Master's Theses



Degree Name

Master of Science (MS)


Two experiments were carried out to examine the hypothesis that organization in rehearsal is a necessary condition for organization to be found in recall. In Experiment I, a continuous memory (CM) task was used to interfere with organized rehearsal as learners were forced to rehearse sequentially. In Experiment II, a serial recall procedure was used to limit organized rehearsal. Learners were partitioned into 6 groups. Half of the learners were given a categorized list (C), and half were given a list of unrelated (U) words. Within list conditions, one-third received a third trial output shift from serial-recall (SRS) to free-recall, one-third received a free-recall (FR) task, and one-third received a third trial output shift from free - recall (FRS) to serial-recall. In Experiment I and Experiment II respectively, organization in the recall of the continuous memory (CM) group and of the SRS-C group exceeded the expectations of a random model. Mean recall differences between groups in Experiment II were not significant except when contrasted with the FRS groups. The usual facilitation effect with categorized word lists (C) over unrelated word lists (U) was observed though this trend was much weaker than ex pee ted and reversed itself in the third trial output shift in the FRS groups. These results were interpreted as indicating that overt organized rehearsal is not a necessary condition for organized recall. Learners appeared to organize and recall at comparable levels regardless of the presence or absence of input constraints.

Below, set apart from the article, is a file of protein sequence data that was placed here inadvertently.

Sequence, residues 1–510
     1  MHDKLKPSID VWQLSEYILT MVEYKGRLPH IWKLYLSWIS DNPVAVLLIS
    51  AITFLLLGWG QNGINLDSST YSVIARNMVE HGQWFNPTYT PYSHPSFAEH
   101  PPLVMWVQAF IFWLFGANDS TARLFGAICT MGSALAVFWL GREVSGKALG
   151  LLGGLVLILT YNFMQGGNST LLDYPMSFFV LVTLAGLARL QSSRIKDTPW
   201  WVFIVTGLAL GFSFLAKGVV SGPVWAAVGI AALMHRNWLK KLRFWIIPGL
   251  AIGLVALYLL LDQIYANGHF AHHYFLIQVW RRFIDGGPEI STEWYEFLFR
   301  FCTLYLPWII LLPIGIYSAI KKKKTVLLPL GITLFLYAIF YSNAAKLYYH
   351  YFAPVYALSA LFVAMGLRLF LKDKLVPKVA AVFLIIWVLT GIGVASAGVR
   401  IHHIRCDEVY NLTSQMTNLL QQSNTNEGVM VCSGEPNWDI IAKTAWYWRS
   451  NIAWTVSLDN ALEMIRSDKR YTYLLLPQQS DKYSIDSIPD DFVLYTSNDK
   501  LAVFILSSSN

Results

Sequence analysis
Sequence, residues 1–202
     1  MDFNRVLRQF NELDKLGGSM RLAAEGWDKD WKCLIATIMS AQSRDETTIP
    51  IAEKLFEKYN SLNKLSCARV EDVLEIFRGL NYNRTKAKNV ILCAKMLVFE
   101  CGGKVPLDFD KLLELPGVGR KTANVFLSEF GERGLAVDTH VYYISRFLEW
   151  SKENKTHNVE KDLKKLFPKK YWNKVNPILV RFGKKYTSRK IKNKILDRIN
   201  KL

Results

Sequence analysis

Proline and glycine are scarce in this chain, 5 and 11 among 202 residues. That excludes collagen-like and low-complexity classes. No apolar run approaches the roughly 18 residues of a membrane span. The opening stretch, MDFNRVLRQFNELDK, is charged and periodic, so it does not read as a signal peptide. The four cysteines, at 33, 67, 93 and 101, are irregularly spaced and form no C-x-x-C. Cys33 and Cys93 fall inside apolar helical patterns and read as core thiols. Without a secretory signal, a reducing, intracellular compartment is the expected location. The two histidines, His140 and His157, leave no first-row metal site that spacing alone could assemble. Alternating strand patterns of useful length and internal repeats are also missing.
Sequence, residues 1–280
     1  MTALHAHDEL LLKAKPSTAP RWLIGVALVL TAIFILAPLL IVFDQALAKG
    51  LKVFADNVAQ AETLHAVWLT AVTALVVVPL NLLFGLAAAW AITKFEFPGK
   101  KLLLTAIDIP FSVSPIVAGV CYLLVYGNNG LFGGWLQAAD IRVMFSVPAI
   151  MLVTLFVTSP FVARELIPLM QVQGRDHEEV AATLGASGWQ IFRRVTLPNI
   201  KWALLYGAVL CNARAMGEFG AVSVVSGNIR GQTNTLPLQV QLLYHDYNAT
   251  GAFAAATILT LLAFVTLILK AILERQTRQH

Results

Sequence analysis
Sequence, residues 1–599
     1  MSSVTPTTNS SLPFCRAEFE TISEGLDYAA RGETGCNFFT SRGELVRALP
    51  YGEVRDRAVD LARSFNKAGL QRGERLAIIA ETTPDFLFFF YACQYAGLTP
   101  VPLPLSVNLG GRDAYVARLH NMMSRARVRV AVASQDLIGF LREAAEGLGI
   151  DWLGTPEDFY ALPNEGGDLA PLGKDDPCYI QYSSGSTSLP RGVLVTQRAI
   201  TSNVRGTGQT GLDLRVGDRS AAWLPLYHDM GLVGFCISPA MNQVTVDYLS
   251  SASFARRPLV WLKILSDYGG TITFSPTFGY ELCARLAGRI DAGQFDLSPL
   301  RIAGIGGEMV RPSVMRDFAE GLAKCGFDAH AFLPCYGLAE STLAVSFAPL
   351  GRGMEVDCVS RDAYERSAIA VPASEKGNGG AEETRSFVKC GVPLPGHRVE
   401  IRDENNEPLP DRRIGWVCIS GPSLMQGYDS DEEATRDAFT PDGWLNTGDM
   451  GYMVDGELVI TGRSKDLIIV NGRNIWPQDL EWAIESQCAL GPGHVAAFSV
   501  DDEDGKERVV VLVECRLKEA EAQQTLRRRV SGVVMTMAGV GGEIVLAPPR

Robert Markley

Date of Award

Summer 1977

Document Type

Thesis - campus only access


© 1977 Robin Moutray


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